SLEEP Analysts decipher plots in dreams
Killing someone in a dream does not mean you want to murder someone; it represents change.
KNIGHT RIDDER NEWSPAPERS
FORT WORTH, Texas -- The caller described a dream in which he was riding a moped with a pile of sawdust and an unbroken egg on his head.
Dream analyst Natalie Axberg picked apart each piece.
Sawdust comes from trees, which has to do with growth and understanding the subconscious mind. The head represents control; the egg, knowledge; and the moped is linked to balance.
"He was taking control," said Axberg, director of the Dallas School of Metaphysics. "He was taking in knowledge as a way to try to balance his identification."
Axberg and other volunteers stayed most of a recent weekend holed up in an old house in east Dallas unraveling people's dreams.
At the School of Metaphysics, which has its headquarters in Windyville, Mo., and has 16 branches, they've been researching dreams for more than 30 years. Beyond educating the public about dreams, volunteers want to put dreamers' minds at ease, especially those haunted by images of death, blood and destruction.
"Some people live in fear of their dreams because scary things happen in them, like their baby drowns," said Lisa Bold, who teaches at the Dallas school. "I want them to understand what those kinds of dreams mean."
As disturbing as those dreams are, they're not about death, she said. Death dreams are actually good because they mean something inside the person has changed.
How the person dies can make a difference in the way the dream is interpreted, said Teresa Martin, coordinator for the national hot line in Windyville.
"If you kill somebody (in your dream) it doesn't mean you have a secret desire to do that," she said. "It means there is a change; however, it's a forced change, just as a killing is a forced death."
Bold said dreams speak in images or the language of the mind and are connected to what happened 24 to 48 hours earlier.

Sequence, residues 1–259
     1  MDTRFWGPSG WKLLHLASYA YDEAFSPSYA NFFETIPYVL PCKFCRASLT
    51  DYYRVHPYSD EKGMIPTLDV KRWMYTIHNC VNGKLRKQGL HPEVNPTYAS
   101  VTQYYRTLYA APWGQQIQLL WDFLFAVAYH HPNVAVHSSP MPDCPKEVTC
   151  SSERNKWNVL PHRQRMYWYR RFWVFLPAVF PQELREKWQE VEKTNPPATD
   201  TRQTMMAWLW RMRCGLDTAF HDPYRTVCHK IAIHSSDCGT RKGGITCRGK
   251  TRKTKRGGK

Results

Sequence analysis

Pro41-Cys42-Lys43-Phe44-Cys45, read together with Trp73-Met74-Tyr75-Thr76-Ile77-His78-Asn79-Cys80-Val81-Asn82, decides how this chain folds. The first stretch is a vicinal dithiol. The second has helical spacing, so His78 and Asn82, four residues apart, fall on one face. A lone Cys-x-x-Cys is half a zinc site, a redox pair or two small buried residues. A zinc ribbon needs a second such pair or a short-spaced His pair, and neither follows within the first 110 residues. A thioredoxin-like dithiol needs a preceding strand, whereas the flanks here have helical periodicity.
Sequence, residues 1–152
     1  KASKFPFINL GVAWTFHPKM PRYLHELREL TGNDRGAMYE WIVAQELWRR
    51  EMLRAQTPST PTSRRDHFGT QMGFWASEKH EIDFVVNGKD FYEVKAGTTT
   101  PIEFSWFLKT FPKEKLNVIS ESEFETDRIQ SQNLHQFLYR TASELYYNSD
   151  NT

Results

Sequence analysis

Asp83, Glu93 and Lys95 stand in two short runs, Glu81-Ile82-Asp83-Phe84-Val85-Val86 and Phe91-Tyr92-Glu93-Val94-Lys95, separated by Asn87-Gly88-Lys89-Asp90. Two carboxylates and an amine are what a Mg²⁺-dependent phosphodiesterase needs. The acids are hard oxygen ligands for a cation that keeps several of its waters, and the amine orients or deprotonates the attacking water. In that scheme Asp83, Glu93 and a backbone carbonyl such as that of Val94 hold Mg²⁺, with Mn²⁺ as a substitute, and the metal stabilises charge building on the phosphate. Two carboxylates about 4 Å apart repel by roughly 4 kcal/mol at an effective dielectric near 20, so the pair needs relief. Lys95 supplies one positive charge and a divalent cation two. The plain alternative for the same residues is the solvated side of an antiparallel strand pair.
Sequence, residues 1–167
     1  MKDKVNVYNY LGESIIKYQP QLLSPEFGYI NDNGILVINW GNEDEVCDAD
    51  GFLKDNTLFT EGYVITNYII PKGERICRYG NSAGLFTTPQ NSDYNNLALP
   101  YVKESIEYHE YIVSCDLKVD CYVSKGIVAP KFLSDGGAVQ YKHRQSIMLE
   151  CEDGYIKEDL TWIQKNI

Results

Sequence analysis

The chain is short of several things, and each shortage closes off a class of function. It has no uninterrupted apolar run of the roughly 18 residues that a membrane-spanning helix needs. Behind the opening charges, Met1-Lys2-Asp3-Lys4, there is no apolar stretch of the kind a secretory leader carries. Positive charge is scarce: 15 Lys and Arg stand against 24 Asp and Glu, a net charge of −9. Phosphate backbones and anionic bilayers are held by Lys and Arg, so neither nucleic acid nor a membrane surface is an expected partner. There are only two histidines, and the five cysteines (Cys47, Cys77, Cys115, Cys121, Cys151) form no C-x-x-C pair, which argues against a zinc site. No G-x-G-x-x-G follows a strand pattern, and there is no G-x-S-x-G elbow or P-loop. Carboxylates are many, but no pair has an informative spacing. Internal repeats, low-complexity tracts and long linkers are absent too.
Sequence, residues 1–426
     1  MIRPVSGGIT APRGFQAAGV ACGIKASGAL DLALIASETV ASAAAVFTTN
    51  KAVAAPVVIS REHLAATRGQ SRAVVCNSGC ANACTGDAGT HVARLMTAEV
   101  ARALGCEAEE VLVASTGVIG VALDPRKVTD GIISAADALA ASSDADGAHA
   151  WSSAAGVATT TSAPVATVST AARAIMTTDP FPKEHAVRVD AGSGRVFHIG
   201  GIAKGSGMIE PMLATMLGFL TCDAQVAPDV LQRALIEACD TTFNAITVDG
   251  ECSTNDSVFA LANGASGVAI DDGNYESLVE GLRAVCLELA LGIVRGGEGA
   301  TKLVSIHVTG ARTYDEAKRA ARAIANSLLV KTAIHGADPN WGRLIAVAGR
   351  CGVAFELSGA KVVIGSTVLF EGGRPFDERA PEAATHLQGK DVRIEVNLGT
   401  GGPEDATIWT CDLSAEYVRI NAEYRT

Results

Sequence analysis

"Everything in a dream -- the people, places, animals and things -- represents an aspect of the dreamer," she said. "It's all about you and the way you think."
Know the dreamer
But some say that dreams are far too complex to interpret without really knowing the dreamer.
"One of Freud's major contributions was the concept that the dream had to be looked at in the context of the dreamer," said Dr. John Herman, professor of psychiatry at UT Southwestern Medical Center. "Understanding the dreamer's life is critical to understanding the symbols in the dream."
Dream analysts said they look at the symbols, talk to the dreamer and then reason out what it all means. Everyone dreams, although people might not remember them. No dream is too obscure.
Martin recalled a college student's dream in which she turned into a black olive and ended up on a sandwich, about to be eaten.
"She was identifying so much with her learning as a student that she was becoming it," Martin said. "Food represents knowledge."
Dreams about cars are usually connected to the body or health concerns, Bold said. Dieters are prone to dream about car problems such as flat tires or empty gas tanks.
"A lot of people on diets have car dreams because they're not eating and they feel like they're running out of gas," Bold said.
Some of the best dreams include music, which means the dreamer is feeling centered or peaceful. Dreams about being naked have to do with honesty.
"If you dream about being back in high school and you're naked, then there are parts of yourself you want to be honest about," Bold said.
"Dreams are messages from your soul," Bold said. "Everything in dreams is all about the truth."